I'm a relative python beginner, now fairly comfortable with the language but still grappling over issues of what's "pythonic" and not. I was wondering what people's thoughts on this issue are.
For example, take this line of code for calculating the average cost per week of rental properties drawn from a peewee database:
rental_avg_costperweek = sum([calcCostPerWeek(rental.price, rental.rental_freq) for rental in [LLSRental.select(LLSRental.id == this_id) for this_id in closest_rental_ids]]) \ / len(closest_rental_ids)
It uses nested list comprehensions, which might be confusing.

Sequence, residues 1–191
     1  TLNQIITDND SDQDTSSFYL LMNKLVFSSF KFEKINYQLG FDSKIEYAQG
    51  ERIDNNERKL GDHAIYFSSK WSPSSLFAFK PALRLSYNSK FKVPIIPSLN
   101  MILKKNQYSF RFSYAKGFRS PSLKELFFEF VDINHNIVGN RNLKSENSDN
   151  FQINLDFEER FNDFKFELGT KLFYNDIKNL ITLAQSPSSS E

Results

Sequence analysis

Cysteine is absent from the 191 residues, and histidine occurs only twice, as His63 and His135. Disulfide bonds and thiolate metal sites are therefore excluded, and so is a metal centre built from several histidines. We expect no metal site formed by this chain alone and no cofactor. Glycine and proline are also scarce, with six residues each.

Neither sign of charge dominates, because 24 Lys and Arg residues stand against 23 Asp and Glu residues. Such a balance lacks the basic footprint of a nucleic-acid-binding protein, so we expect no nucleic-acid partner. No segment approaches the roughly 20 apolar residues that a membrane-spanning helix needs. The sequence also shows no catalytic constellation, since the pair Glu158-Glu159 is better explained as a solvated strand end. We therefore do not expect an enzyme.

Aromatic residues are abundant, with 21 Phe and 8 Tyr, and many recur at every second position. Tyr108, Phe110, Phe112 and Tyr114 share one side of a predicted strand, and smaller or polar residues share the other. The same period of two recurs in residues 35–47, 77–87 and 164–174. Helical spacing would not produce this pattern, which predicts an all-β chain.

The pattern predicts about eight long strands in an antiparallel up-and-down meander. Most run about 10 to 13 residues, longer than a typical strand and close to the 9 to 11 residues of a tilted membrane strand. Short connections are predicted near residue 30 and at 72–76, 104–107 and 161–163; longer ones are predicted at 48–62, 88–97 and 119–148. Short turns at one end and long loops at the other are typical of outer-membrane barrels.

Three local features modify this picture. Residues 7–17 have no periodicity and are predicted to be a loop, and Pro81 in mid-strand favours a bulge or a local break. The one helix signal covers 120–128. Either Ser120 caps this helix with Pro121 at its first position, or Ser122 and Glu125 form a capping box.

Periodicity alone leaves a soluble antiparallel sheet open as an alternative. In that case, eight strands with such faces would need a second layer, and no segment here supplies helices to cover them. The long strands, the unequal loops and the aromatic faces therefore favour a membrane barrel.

Alternatively I could stick the inner comprehension into a temporary variable:
closest_rental_records = [LLSRental.select(LLSRental.id == this_id) for this_id in closest_rental_ids] rental_avg_costperweek = sum([calcCostPerWeek(rental.price, rental.rental_freq) for rental in closest_rental_records]) \ / len(closest_rental_ids)
This might be (a little) easier to read, but being an ex-C++ programmer I have an aversion to creating temporary variables purely for readability, as it clutters the namespace and potentially makes more work for the garbage collector.
Also I think if a reader doesn't understand the variable is purely temporary it may make the code more confusing if there are many such variables.
As such, I'm inclined to go with the first option over the second despite the guidance of "flat is better than nested"...but what do ye python veterans think?